Maiden

Review by Josh Slater-Williams @jslaterwilliams

Directed by

Alex Holmes

Starring

Tracy Edwards

Anticipation.

Stories of shattering glass ceilings are always appealing, even before you throw in a harsh terrain setting.

Enjoyment.

An exhilarating and inspiring watch.

In Retrospect.

See this one before the inevitable biopic is announced.

This timely documentary recounts the inspiring story of a female sailing crew’s round-the-world voyage.

An almost 50-year institution, The Ocean Race is a yacht race around the world held every four years. In 1989, what was then known as the Whitbread Round the World Race was a 32,000 nautical mile sailing sprint from Southampton and back, taking entrants out to sea – with a few stopover ports, of course – for approximately eight months.

This instalment of the race also hosted the first ever all-women crew to enter, and Alex Holmes’ Maiden, named after that crew’s ship, documents the team’s struggles not only at sea but also getting to participate in the first place.

Before and during fighting literal waves, they had to conquer waves of bad publicity from yachting and British press, while necessary sponsorship to compete looked unattainable amid chauvinistic perceptions that an entirely female crew would barely last a month, yet alone eight. Although this is not a story of an underdog team nabbing first place, their more than respectable performance fundamentally altered yacht sailing’s enormous gender bias going forward.

Anchoring the narrative is Tracy Edwards, who skippered the crew at age 24 and became the first woman to receive the Yachtsman of the Year Trophy, later accepting an MBE. Her tumultuous life in her teens led to an introduction to sailing while backpacking, and her experience as a cook aboard a Whitbread-competing vessel in 1985, where women made up 2.5 per cent of the 200-plus crew, inspired her to enter in 1989 with all women. She eventually recruited a much smaller multinational group to compete, while practically bankrupting herself to ensure they even made it to the starting line.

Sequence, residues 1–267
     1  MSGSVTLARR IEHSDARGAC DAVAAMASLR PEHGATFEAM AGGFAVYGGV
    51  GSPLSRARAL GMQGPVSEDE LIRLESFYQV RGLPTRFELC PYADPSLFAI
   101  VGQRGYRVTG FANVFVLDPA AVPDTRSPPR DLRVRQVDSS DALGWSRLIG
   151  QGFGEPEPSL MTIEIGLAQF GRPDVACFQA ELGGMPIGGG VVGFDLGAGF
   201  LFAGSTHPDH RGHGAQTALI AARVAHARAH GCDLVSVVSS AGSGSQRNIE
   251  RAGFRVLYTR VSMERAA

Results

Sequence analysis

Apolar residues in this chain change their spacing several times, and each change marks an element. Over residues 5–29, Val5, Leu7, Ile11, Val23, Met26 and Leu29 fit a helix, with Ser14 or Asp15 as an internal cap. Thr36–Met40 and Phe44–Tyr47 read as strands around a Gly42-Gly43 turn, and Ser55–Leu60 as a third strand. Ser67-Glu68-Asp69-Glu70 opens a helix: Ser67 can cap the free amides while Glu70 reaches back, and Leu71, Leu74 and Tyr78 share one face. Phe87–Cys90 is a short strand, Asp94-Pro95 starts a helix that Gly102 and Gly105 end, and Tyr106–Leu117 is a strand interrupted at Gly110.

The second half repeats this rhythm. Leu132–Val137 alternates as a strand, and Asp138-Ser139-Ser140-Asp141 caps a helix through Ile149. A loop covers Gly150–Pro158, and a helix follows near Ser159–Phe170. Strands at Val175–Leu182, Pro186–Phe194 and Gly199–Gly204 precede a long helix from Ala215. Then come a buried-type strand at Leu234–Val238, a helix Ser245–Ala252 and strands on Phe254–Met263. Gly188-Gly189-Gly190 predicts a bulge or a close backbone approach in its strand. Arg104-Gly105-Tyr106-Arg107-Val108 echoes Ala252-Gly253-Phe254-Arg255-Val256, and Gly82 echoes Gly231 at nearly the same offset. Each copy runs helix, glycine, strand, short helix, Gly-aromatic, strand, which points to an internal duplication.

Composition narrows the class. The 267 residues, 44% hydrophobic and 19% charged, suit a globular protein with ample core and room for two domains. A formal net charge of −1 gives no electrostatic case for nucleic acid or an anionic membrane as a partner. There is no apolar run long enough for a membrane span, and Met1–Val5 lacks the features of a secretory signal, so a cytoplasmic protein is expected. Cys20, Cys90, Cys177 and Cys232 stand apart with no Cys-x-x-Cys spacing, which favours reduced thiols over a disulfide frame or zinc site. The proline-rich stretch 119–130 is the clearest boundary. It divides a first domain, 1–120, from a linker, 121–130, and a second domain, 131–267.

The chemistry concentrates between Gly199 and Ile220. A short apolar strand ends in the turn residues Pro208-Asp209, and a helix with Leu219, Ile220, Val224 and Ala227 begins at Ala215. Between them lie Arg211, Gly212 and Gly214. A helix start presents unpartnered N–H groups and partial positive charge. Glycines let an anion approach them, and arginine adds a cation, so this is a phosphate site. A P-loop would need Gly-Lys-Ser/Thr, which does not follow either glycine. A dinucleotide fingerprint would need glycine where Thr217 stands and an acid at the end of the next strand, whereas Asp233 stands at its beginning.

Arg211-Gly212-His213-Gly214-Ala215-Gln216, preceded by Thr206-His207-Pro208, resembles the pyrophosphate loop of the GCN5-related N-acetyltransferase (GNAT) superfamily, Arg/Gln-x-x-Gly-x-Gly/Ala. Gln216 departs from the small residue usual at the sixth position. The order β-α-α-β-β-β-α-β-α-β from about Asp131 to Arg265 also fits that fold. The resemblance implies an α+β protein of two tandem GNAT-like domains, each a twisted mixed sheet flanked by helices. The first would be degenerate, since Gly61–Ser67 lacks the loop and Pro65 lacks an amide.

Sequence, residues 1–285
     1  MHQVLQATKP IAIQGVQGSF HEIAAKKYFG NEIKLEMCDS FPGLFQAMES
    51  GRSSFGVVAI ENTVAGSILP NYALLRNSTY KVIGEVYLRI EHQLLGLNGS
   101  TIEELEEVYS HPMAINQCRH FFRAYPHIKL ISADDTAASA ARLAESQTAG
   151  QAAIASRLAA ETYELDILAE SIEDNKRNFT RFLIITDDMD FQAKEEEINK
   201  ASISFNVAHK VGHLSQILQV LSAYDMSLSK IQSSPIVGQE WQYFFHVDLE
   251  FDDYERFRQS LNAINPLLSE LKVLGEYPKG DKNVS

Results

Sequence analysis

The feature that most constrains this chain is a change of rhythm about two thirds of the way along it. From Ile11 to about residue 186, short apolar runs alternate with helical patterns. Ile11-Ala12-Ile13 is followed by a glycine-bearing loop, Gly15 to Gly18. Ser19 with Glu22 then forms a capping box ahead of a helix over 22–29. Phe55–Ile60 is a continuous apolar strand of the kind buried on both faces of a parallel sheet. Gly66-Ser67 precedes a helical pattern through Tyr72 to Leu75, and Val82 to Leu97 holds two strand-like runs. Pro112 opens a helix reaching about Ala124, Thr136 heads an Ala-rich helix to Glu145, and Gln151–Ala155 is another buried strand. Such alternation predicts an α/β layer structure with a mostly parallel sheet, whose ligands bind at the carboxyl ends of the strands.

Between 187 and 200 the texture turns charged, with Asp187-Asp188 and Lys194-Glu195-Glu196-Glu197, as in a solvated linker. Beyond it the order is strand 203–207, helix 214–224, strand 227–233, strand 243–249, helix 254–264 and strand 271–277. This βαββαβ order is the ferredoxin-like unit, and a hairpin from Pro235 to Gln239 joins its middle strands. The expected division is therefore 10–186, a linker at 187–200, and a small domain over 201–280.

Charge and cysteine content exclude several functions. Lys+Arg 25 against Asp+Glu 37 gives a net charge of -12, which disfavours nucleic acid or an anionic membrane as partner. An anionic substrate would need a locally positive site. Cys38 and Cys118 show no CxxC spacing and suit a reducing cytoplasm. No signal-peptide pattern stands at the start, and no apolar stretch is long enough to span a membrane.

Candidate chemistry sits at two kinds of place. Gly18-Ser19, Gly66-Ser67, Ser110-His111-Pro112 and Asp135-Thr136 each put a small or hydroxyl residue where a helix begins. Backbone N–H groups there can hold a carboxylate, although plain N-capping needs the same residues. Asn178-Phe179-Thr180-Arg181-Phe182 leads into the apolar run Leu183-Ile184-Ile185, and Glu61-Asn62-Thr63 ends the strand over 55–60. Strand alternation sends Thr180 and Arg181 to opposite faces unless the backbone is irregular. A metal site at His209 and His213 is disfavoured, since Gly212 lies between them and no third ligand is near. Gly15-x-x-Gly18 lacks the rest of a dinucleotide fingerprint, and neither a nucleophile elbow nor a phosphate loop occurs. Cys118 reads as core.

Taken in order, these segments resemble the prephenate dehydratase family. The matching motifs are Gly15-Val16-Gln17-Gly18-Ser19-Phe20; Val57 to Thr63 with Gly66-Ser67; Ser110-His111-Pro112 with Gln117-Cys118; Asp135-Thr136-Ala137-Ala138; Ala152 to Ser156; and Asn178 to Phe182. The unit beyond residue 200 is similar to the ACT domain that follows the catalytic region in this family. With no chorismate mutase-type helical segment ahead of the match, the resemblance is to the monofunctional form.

Formally, the documentary’s heavy use of VHS archive footage lends a tangible authenticity to depicting the voyage, the grain proving particularly evocative with the unpredictable weather and sea behaviour that would threaten the Maiden. Edited by Katie Bryer, the film has a lively pace with nary a pause for a more relaxed reflection on the subject at hand. Even if the exact reasons for a development’s emotional resonance aren’t always immediately clear, the experience of watching Maiden is always exciting moment to moment.

That said, with that breakneck pacing, some biographical clarity concerning Edwards’ eventful pre and post-Whitbread life is lost. Meanwhile, the rush to get to the drama of the Maiden’s voyage causes an omission of details that almost make it seem like she went from cook to captaining a crew in an instant. Edwards hardly seems to be a hesitant talking head and has written two books on her experiences, so this doesn’t seem attributable to filmmakers just working with the little a subject was giving them.

The story of Maiden seems the sort to also receive a feature dramatisation with actors at some point down the line, which may explore certain strands of interest with greater detail to complement, rather than negate, this otherwise still satisfying documentary account.

Published 8 Mar 2019

Tags: Alex Holmes Tracy Edwards

Anticipation.

Stories of shattering glass ceilings are always appealing, even before you throw in a harsh terrain setting.

Enjoyment.

An exhilarating and inspiring watch.

In Retrospect.

See this one before the inevitable biopic is announced.

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